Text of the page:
Al Qaida

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Al Qaida

A terrorist organization founded in the late 1980s. It was established in Pakistan to fight against the Soviets in Afghanistan. Its ideology is based on a certain interpretation of the writings of Sayid Qutb, who argued that "true" Islam had been lost over the years and has to be recovered. It is best known for the 9/11 terrorist attacks, which, among other things, destroyed the World Trade Center in the United States and served as the impetus for subsequent American wars in Afghanistan and Iraq. Since 2001, Al Qaida has become more decentralized, with various otherwise unrelated groups claiming the name as they conduct terrorist or other activities in different countries.
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But it doesn't exactly call on Nusra to formally break with their Al Qaeda leaders.
He said that the Al Qaeda leader entered Balochistan from Afghanistan some eight to 10 months ago.
From public statements and a close study of the growth and spread of al Qaeda, it is clear that two issues are preventing the United States from developing an effective response to the organization's resurgence.
Zawahiri, his longtime lieutenant, has managed to stay in charge of the disparate Al Qaeda enterprise, but he did not inherit bin Laden's moral authority, and has been viewed less as Al Qaeda's commander, and more as its ideological commissar.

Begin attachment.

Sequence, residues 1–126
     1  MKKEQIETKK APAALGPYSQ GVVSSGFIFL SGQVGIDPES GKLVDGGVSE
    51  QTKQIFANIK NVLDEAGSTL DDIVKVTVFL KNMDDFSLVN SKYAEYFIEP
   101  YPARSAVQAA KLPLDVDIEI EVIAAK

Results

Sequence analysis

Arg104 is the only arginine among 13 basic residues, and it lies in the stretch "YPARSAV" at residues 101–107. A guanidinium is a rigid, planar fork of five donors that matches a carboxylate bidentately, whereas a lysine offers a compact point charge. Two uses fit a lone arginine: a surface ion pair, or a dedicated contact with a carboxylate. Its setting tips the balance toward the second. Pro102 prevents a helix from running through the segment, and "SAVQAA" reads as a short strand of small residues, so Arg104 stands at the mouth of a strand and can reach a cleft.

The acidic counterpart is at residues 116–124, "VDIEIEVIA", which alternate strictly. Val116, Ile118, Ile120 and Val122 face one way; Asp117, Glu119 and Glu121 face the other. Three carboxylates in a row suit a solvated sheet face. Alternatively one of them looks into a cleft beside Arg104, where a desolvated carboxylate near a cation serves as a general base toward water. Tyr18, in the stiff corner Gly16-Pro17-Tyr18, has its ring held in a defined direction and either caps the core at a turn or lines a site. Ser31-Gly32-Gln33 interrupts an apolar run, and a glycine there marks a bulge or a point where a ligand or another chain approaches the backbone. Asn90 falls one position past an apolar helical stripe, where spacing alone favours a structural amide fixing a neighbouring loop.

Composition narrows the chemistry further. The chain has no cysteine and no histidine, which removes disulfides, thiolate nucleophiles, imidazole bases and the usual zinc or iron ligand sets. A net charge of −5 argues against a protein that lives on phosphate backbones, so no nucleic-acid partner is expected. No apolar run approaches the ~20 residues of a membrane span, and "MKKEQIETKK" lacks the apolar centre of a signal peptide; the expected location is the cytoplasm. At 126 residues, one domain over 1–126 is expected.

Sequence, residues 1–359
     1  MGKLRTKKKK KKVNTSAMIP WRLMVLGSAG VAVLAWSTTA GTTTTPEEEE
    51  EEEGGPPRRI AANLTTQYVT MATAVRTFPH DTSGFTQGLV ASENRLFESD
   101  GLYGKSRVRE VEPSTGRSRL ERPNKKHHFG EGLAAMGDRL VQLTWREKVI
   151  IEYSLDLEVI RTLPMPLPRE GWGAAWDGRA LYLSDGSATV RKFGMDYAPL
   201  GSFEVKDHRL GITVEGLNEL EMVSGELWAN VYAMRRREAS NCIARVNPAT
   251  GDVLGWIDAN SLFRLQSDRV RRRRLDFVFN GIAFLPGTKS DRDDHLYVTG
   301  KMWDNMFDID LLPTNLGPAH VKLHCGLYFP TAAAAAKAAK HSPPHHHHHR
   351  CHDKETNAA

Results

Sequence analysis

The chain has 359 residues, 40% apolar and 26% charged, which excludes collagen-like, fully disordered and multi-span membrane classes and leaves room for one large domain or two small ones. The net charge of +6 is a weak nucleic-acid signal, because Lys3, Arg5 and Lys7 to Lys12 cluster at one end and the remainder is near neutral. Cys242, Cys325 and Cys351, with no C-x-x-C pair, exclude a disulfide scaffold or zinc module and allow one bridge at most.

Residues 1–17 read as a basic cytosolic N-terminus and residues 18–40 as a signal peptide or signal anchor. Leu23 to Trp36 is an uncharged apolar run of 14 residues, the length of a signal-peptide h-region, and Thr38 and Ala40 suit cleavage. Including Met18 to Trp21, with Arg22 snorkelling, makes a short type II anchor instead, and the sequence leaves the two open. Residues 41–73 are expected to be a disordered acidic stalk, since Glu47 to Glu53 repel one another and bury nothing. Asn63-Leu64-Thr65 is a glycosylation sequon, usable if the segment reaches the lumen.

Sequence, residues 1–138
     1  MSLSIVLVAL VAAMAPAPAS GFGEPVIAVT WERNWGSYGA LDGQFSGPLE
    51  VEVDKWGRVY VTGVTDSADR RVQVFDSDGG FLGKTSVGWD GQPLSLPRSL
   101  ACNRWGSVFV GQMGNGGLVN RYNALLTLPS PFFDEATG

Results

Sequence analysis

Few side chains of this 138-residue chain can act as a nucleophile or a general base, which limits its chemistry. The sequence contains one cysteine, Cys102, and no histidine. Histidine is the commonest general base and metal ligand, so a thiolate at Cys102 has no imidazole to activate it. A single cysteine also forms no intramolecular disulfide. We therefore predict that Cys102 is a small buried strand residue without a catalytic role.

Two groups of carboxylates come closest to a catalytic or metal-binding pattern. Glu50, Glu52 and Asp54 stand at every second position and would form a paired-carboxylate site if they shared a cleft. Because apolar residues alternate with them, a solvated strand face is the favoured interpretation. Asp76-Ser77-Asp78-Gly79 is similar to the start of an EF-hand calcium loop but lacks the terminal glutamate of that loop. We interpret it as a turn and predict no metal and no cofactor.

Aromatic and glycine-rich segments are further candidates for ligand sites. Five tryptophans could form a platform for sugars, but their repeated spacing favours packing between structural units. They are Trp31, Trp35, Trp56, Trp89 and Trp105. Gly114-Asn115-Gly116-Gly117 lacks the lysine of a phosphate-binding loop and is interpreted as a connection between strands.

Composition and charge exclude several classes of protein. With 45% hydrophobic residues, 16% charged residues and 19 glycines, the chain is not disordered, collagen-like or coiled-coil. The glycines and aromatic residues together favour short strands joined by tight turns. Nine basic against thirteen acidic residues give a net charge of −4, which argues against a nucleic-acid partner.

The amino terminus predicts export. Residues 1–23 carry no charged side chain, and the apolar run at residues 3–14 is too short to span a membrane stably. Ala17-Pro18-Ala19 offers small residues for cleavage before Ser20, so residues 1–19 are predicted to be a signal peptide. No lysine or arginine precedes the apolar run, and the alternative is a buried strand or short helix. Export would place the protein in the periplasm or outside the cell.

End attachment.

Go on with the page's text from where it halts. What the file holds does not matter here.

After the 9/11 attacks, according to Watts, Al Qaeda transitioned as a result of being hunted by American forces.
Al Qaeda documents have disclosed that both Osama bin Laden and the current Al Qaeda leader, Ayman al-Zawahiri, primarily emphasized guerrilla campaigns to overthrow apostate governments in the Middle East.
When the SEALs raided bin Laden's compound, they found evidence of Al-Rahman's deep involvement in running Al Qaeda.
At the same time, al-Jazeera's portrayal or Al Qaeda began to shift.
In the past eight months 149 people linked to al Qaeda were arrested, among them were 124 Saudis and 25 were from other nationalities," Mansour Turki told reporters at a news conference.
Saudi Arabia fears that instability in its populous neighbour will allow al Qaeda militants to use safe havens there for attacks on the world's biggest oil exporter.
All in all, this book provides a concise yet comprehensive coverage of al Qaeda and its key leader, OBL.
policies, al Qaeda has failed to make the transition to a popular insurgency or win any permanent gains as a result of its conceptual, organizational, and material shortcomings.